Quebec is a vast province with lots to offer an adventurous traveller, but one of its most interesting areas is known as the Quebec maritimes. Spanning the coastal regions of Bas-Saint-Laurent, Côte-Nord, the Magdalen Islands and the Gaspé Peninsula, the area features 3,000 kilometres of coastline, 40 lighthouses and ten national parks, to name just a few of its stunning highlights. We took a road trip along the Gaspé Peninsula, and this is what we discovered along the way.
Enjoy freshly caught seafood
The Maritimes are known for their fantastic seafood, and eastern Quebec is no exception. At La Maison du Pêcheur, guests get a view of the infamous Percé rock from floor-to-ceiling windows as they dine in the enclosed patio. The Fisherman’s House (as it’s known in English) is known for its freshly-caught seafood, and even has its own lobster trap pen located 60 feet underwater near the Percé rock. Seafood lovers can’t go wrong ordering The Trident, a combination of lobster poached in Cointreau sauce, Scotch-flambéed sea scallops and a perfectly grilled salmon fillet with maple sugar and lemon sauce.
Discover the Percé Rock
On a clear day in Percé, it’s impossible to miss this monolithic rock jutting out from the waves on the tip of the Gaspé Peninsula. One of the world’s largest water-based natural arches, the 88-metre high rock formation is one of the area’s most iconic landmarks. Once you’ve seen it in person, experience the rock in a whole new way through the Tetonik exhibition at the Percé Geopark. A first of its kind in Quebec, this immersive and interactive show uses captivating narration and stunning, high-tech projections to create an unforgettable interactive experience.
Lie on a suspended platform 200 metres above sea level
Prefer something a little more hands-on? At the Geopark you can hike 30 minutes (or jump in a shuttle) to Mont Ste-Anne. At the top, you’ll encounter a suspended glass platform perched on a cliff 200 metres above sea level. The result is a breathtaking view of the Percé rock, the town and the forest. If you’re up for an adventure, you can also zip line back down.
Dine on local specialties
In Percé, Paqbo Restaurant has a beautiful view of the Percé rock. In the modern dining room with nautical accents, you can experience traditional salt cod cakes, as well as an authentic lobster supper. But the real showstopper is Chef Normand’s Bouillabaisse, succulent lobster served atop a savoury fish and seafood stew. The restaurant is located in the Riotel hotel, so once you’ve eaten your fill you can head straight to one of the comfortable and airy rooms to slip into your food coma.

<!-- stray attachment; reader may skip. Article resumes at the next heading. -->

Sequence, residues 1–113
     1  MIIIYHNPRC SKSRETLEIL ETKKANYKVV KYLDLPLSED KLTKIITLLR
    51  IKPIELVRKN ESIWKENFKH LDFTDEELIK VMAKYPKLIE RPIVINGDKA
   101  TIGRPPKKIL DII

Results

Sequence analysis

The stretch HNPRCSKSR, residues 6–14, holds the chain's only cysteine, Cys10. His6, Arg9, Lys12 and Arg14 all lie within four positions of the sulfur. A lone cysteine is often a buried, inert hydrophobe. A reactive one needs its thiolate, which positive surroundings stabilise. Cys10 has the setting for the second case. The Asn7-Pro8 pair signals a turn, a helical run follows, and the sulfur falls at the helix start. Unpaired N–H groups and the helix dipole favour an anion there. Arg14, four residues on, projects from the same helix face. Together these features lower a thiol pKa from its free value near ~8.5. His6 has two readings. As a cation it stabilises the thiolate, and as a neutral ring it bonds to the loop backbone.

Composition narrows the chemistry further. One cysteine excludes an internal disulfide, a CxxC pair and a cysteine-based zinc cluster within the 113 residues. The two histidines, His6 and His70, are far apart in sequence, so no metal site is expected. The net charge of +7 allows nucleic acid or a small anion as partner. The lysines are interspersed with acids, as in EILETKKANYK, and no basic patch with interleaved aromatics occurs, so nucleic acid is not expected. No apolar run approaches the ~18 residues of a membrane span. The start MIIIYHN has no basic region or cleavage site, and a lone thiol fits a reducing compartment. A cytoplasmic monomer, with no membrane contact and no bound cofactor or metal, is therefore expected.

See the tallest lighthouse in Canada
Standing tall at 34 metres, Cap-des-Rosiers is the tallest lighthouse in Canada. Perched on a rugged cliff, the structure has been keeping watch since 1858. The lighthouse is now an official national historic site owned by Parks Canada.
Get up close and personal with 110,000 northern gannets on Bonaventure Island
As you draw nearer to Bonaventure Island, you can see birds circling and swooping on the rugged cliffs near land. This island is actually a bird sanctuary, and home to the largest nesting Northern Gannet colony in the world. Over 110,000 gannets flock here each year from May to October to nest on sandy beaches. Lush with rolling hills and stunning ocean vistas, the island is accessible only by boat. You’ll then need to take a short hike through the woods to reach the colony. The most direct hike is Les Colonies, an accessible intermediate trail that takes about an hour and a half to complete. The landscape changes as you approach the colony, and the cries of the birds begin to swell up around you. Soon you’re greeted by the astounding sight of hundreds of Northern Gannets nesting, fetching building materials, and loudly calling to each other. It’s an incredible sight. Look closely, and you’ll even spot a few baby gannets.
Have a chance encounter with the biggest whale in the world
Forillon National Park is a mountainous region near Gaspé Bay, home to seabirds and other wildlife. Jump on a boat tour to explore the underwater life at the park. Whale watching is a popular activity here, and it’s easy to see why. The waters of the park are home to a variety of whales, including the Blue Whale (the largest whale in the world), Humpback Whale, Fin Whale, Minke Whale and even dolphins. The Baleines Forillon will take you on a whale watching adventure on the nimble and comfortable Narval III. As many as six whale species can be seen, depending on the time of year. Relax and enjoy the beautiful scenery at the park as you keep an eye out for these gentle giants.